Francois Englert, a Belgian Jewish professor at Tel Aviv University and a Holocaust survivor, shared the Nobel Prize in physics Tuesday, the third Jew in two days to win the esteemed award.
The prize for Englert and Peter Higgs of Britain for their discovery of the Higgs particle was announced by the Royal Swedish Academy of Sciences. The Higgs particle, known as the “God particle,” is said to have caused the Big Bang. Scientists confirmed the discovery of the Higgs particle, or Higgs boson, which Higgs first theorized in 1964, while working with the Large Hadron Collider in Geneva, Switzerland.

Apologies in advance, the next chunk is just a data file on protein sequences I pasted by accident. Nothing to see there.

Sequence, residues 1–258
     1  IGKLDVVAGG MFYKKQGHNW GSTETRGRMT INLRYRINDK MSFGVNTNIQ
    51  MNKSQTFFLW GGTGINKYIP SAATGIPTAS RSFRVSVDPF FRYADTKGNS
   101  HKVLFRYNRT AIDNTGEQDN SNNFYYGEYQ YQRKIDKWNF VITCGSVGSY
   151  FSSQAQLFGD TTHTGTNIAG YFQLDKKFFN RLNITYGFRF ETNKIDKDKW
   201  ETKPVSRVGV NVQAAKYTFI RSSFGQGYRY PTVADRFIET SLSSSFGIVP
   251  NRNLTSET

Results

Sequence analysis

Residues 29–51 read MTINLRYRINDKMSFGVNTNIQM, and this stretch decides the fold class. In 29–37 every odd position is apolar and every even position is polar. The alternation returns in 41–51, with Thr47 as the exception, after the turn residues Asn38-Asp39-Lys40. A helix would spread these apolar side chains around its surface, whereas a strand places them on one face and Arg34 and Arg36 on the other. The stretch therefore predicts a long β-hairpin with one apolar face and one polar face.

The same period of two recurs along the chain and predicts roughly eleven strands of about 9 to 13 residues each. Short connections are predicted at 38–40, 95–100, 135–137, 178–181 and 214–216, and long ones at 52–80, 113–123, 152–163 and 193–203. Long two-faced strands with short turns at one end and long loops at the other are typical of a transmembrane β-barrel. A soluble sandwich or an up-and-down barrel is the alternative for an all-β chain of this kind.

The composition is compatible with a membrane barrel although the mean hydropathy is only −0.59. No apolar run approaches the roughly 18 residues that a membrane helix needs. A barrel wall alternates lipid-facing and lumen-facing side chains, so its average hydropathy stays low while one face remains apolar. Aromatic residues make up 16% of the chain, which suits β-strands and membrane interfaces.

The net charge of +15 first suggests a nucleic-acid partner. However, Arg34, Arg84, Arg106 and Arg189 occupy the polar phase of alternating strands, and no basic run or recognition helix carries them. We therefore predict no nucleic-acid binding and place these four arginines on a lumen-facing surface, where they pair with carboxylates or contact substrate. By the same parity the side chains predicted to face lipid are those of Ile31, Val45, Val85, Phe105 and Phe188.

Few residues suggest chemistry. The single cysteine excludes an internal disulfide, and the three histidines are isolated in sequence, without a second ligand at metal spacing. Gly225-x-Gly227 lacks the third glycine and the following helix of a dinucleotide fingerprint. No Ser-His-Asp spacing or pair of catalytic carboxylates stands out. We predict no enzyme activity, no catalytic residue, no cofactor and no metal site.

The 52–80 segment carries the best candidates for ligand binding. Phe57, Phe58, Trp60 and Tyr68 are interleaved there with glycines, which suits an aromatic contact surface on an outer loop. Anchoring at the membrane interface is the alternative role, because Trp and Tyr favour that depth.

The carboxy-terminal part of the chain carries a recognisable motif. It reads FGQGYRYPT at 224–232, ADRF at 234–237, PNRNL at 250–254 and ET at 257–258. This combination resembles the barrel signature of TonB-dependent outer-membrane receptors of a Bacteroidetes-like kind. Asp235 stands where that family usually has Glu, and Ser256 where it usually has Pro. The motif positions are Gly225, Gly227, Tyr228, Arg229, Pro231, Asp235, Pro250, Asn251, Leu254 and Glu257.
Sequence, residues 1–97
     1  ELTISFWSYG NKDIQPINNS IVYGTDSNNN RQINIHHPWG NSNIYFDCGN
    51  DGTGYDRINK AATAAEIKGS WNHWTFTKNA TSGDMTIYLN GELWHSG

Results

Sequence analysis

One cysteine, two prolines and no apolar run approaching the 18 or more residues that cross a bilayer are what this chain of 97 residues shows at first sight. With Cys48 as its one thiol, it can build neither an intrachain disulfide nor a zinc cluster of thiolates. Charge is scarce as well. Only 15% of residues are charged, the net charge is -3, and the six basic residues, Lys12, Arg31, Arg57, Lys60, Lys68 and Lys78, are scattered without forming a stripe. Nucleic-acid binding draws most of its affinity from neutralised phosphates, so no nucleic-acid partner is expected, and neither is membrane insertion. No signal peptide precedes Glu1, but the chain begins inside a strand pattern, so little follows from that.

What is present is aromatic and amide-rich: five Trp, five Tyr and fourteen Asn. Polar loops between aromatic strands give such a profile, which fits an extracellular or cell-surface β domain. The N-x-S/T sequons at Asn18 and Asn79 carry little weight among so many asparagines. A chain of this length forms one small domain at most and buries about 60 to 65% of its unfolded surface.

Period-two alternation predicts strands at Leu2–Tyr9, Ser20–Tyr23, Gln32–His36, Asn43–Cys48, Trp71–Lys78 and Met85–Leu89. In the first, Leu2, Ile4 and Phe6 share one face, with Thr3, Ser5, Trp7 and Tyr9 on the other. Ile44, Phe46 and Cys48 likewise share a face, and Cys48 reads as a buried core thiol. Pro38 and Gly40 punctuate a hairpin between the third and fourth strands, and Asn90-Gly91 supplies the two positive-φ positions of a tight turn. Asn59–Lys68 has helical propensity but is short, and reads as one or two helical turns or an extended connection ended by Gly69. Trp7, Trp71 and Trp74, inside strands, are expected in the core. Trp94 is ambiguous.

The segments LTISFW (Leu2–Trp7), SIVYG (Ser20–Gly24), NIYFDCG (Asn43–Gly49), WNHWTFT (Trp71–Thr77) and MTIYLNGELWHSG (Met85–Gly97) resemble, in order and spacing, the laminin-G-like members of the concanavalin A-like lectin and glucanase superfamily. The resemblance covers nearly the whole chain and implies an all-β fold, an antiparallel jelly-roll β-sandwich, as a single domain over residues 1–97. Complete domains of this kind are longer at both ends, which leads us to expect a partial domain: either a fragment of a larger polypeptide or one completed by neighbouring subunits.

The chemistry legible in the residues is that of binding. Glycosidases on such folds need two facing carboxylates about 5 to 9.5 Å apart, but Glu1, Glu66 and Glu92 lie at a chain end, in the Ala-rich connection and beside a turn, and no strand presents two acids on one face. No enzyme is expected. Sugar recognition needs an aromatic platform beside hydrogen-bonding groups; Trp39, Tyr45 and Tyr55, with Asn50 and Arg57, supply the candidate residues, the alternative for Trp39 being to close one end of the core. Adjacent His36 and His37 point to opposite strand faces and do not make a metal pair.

Englert, 80, has had “close research ties” with Tel Aviv University for 30 years, the university said. He is a Sackler professor by special appointment at its School of Physics and Astronomy.
On Monday, Jewish Americans James Rothman of Yale University and Randy Schekman of the University of California, Berkeley, joined German-born researcher Thomas Suedhof of Stanford University in winning the Nobel Prize in medicine.